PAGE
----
Variations in the course of cervical ICA are reported in the literature as coiling, looping, kinking or tortuousness of the vessel.
The clinical relevance of morphological anomalies of extracranial ICA is a matter of debate because of up to date the natural history of kinking, coiling and tortuosities of this artery is not well known.
It is well known that the intracranial portions of the ICA are highly tortuous, while its cervical course is almost straight. There are two points of fixation at the cervical portion of the ICA: at the bifurcation of the common carotid artery and at its entry into the temporal bone. If the vessel is longer than the distance between these two points, curvatures and loops develop.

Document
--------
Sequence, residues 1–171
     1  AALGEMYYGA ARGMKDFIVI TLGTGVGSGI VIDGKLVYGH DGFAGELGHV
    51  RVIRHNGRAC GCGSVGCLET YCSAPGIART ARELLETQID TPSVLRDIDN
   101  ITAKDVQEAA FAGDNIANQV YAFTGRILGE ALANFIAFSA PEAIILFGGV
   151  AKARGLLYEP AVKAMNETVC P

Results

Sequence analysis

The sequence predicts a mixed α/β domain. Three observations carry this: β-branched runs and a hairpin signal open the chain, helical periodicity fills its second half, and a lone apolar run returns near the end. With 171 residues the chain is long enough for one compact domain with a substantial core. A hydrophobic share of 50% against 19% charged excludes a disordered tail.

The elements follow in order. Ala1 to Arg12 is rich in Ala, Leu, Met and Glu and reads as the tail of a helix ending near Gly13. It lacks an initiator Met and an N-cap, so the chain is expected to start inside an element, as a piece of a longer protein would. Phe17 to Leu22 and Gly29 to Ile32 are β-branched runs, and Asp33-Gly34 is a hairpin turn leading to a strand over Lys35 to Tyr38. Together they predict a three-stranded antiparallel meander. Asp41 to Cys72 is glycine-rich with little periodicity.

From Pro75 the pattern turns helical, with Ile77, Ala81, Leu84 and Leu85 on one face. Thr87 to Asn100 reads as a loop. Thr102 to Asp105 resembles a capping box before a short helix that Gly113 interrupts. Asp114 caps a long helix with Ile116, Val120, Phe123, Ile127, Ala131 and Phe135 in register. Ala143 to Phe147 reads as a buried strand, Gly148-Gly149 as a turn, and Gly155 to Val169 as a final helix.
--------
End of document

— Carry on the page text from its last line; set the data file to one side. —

Several authors consider these variations as congenital anomalies of the aortic arch arteries while others consider it being caused by artheriosclerosis, fibromuscular hyperplasia , degenerative lesions, hypertension or aging .
Tourtuous extracranial ICA needs no treatment as long as the patient does not have a cerebrovascular ischemic sign or a neurological complaint.